In the early years of the reign of George I (1714-27) natural wood panelling almost completely disappeared from English houses. When deal or pine wainscot was used, its surface and yellowish colour were disguised by painting or graining, a legacy from a fashion current in the first few years of the eighteenth century. The popular conception of the interior of a Queen Anne house c. 1710 is still of one with pine-panelling, painted in 'Georgian green' (which represents a different hue to almost every eye). The truth is always somewhere between the extremes, and may be represented by the panelling in the gallery of Nicholas Hawksmoor's fine house of Easton Neston, Northamptonshire, built for William Fermor, 1st Lord Lempster, 1699-1702, and in the hall at Hanbury Hall, Hereford and Worcester, c. 1705. The date 'MDCCII' (1702) appears on the east front of Easton Neston and '1701' appears above the stone centrepiece of the east front at Hanbury Hall. However, in both houses the painted decoration by Sir James Thornhill dates to a few years later - 1702 to 1713 at Easton Neston, and c. 1710-12 at Hanbury Hall.
Wainscoting in various forms, formed in a slightly old-fashioned way, is found in most of the houses designed by Francis Smith (1672-1738), the IVarwick architect, and in wall panelling and oak panelling interiors by the elder John Wood of Bath (1704;4). This is not surprising in Smith's case, as his family had been active as builders in the Midland counties for a long time. He was out of his own `raining as a mason by the early 1690s and, with the family's help, had completed a number of houses by 1710. As the Smiths had control of a stone and marble yard in Warwick and also dealt in timber, it was easy to offer to patrons a complete service of carpenter's, bricklayer's, mason's, oiner's and plasterer's work. They did this for the 1st Earl of Cholmondeley Cholmondeley Hall, Cheshire, dem. 1805) and for Sir Roger Cave at Stanford Hall, Leicestershire, 1697-1700. Whilst some of the tasks were sab-contracted, it was all done within their overall control: the Smith 'team' rose to exceptional heights of accomplishment by the 1720s, and this is evident in their work, 1725-30, at Ditchley, Oxfordshire and, as noted earlier, at Davenport Hall and Mawley Hall, both in Shropshire.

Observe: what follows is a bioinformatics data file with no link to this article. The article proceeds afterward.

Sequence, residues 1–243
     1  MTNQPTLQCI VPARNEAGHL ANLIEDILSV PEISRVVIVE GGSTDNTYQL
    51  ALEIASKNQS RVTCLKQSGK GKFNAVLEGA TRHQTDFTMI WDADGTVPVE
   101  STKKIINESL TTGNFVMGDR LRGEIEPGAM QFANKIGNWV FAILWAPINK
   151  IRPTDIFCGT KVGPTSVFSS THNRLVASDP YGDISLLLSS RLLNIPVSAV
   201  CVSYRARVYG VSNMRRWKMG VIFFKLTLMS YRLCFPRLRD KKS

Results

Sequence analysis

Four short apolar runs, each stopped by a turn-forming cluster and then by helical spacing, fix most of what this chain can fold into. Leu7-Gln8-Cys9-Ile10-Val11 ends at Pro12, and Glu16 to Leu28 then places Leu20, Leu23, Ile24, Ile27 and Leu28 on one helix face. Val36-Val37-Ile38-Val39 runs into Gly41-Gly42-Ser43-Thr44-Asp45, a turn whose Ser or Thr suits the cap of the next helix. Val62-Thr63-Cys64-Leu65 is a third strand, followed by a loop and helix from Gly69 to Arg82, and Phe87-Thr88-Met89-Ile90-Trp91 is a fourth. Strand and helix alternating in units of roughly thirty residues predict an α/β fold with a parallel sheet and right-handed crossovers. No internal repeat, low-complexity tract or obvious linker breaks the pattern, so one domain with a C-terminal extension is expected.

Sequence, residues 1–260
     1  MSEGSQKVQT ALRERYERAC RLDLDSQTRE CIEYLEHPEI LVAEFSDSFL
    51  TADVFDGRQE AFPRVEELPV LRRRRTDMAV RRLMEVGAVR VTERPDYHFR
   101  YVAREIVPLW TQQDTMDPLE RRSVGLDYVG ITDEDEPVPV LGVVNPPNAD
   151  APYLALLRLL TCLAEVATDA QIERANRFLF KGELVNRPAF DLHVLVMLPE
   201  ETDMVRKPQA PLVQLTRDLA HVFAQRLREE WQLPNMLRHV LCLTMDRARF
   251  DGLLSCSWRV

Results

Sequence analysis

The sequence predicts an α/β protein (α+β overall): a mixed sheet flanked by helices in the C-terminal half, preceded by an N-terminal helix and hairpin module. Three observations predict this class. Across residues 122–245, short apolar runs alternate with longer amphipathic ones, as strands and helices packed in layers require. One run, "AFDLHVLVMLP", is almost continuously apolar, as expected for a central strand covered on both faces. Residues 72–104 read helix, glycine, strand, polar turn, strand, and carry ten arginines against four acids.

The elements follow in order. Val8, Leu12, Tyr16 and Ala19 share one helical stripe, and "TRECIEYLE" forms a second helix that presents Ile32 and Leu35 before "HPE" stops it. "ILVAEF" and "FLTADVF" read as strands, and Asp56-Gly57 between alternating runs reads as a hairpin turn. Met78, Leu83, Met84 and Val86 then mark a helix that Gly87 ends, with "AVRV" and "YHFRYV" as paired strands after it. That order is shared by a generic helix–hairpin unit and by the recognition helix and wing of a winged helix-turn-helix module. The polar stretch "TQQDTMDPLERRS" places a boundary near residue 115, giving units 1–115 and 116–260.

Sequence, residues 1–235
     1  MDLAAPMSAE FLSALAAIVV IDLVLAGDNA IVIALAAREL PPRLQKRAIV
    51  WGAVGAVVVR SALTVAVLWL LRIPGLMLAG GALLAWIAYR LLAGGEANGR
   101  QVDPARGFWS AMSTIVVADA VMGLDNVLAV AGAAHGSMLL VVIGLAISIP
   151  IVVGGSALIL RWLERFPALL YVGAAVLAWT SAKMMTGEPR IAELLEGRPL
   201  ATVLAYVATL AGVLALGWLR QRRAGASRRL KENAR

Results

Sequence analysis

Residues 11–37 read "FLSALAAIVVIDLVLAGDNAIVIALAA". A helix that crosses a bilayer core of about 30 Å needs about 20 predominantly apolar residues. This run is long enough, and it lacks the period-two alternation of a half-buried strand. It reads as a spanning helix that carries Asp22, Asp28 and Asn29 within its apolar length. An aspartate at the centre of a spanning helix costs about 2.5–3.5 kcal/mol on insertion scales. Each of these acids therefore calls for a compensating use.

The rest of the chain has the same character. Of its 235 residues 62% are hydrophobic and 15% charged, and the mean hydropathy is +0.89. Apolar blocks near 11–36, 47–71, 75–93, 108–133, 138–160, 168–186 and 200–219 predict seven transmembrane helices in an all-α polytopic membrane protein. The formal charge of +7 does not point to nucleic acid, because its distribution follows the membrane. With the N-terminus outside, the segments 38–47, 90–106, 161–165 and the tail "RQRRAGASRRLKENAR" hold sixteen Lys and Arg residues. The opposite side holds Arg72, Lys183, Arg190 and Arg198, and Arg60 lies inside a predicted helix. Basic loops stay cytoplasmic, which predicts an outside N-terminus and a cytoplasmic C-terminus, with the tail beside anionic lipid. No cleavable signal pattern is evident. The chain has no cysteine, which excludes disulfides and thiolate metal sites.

At Ditchley, Smith was working to the wall panelling and oak panelling designs of James Gibbs but at Davenport and Mawley he acted as architect, although there is no surviving documentation to confirm this. These houses are reliably attributed to Smith; some of his team of craftsmen, who were noted on a lead rising plate at Sutton Scarsdale, Derbyshire," including joiners, carpenters and stuccoists, are assumed to have travelled from one house to the other. At Davenport (1726) and at Mawley (1730) the splendid inlaid rooms, done to a high standard of decorative woodworking, were in an outmoded style for their dates. Furthermore, the entrance hall at Davenport is decorated in painted wood to represent channelled ashlar, with the imposing rusticated wall panelling and oak panelling and doorways having dominant keystones and bearing a similarity to those on the west front of James Gibbs's London Church of St Martin-in-the-Fields (1726). Some of the same wood channelling is present on the arches of the staircase hall at Mawley Hall, and the wainscoted Large Drawing Room there has rather old-fashioned swags and other carvings in oak above the overmantel. The same sort of 'Wren tradition' in woodwork is apparent in the oak panelling-at Smith's Ombersley Hall, Hereford and Worcester (1723-30). Until the discovery of the bills" it was thought to have been decoration of the 1690s.